Drop In Demand for Loans from Bank of Mum and Dad
With the banking industry’s reluctance to lend money over the past few years, it has fallen to many parents to help their children financially in order for them to get onto the property ladder.
compare prepaid cardsBut the idea of the ‘bank of mum and dad’ may not be as common as once thought, according to new research from a debt advice charity.
In fact, the data indicates that although many first-time homebuyers do receive help towards their deposits from their parents, young adults today don’t borrow as much money from friends and family as older generations.
The report, from the Debt Charity StepChange based in Leeds, has shown that last year those under 25 owed an average amount to friends and family of £1,761. In comparison, the 25 to 39 age group owed an average of £3,458 in informal loan debts.
Furthermore, the amount owed to friends and family by those aged 40 and over was even higher, with the 40 to 59 age group owing outstanding amounts of £4,341 to friends and family on average. People aged 60 and over did not fare much better, with average debts of £4,229.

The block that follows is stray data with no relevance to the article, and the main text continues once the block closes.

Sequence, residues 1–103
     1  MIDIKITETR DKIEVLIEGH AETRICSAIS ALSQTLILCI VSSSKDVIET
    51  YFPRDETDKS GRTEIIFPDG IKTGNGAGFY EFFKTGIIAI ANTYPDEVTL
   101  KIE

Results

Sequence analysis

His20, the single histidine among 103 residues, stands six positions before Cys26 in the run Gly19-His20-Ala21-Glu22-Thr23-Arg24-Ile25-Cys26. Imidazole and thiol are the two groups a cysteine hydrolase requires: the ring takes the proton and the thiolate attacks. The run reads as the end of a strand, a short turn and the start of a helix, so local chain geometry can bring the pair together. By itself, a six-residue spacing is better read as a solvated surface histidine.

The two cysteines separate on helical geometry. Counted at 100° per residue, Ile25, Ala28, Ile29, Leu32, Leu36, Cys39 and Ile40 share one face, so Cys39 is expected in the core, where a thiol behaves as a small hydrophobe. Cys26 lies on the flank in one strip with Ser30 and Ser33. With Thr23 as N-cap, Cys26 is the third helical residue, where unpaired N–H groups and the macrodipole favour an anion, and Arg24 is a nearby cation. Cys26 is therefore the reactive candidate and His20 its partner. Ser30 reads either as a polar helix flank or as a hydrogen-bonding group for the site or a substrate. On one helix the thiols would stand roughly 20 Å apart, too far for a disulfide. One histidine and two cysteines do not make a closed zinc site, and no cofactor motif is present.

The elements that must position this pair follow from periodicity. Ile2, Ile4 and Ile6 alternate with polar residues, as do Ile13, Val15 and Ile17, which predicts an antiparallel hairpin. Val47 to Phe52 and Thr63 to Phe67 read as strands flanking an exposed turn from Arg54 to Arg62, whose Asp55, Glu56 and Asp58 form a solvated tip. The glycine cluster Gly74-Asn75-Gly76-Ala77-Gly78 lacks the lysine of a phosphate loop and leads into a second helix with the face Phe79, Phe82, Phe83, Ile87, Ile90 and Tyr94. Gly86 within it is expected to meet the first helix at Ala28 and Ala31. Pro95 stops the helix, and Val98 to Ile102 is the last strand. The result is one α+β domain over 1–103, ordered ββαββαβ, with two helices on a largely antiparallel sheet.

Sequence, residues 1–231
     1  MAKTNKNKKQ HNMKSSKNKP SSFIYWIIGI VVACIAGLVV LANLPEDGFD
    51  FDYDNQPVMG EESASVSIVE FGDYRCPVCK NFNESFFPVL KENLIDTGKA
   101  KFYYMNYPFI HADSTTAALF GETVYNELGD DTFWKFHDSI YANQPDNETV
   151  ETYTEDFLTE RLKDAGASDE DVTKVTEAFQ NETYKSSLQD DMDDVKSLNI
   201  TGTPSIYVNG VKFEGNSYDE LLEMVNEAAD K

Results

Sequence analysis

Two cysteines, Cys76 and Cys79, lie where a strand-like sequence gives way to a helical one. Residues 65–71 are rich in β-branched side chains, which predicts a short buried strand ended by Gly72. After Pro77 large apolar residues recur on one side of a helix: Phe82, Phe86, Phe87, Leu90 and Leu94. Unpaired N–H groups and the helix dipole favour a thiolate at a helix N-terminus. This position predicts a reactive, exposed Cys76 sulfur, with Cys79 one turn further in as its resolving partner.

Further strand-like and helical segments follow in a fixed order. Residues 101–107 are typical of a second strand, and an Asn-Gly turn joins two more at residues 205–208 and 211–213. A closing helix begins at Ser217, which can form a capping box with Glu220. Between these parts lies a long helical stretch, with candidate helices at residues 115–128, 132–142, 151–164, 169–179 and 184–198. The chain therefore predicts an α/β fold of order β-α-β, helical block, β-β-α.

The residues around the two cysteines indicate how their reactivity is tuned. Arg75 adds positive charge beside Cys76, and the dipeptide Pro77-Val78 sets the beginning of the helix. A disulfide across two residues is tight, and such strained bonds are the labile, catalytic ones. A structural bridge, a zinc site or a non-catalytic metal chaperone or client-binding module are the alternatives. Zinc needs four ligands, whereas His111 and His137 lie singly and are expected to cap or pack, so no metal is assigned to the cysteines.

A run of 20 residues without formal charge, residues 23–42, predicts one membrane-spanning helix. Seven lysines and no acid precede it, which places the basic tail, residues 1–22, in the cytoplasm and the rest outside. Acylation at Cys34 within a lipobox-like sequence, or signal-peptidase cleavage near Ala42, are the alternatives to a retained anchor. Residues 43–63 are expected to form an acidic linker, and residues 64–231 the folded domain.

External affairs director at the StepChange Debt Charity Delroy Corinaldi explained: "While large numbers of young adults rely on their parents to provide the funds for a deposit on their first home, they are a lot more financially self-reliant than the idea of a 'bank of mum and dad' suggests.
"If anything these figures show that young people are not as willing to rely on their parents financially as previously thought and are only seeking help from the 'bank of mum and dad' as a last resort when trying to buy their first home."
Not only do those under 25 seem to be borrowing the lowest amount of all age groups, but the average sum has gone down from £1,894 in 2009 to £1,761 in 2012.
One way to ensure your child grows up financially savvy is to introduce the use of prepaid cards. Since only what is loaded onto the card can be spent, this quickly teaches young people the importance of budgeting.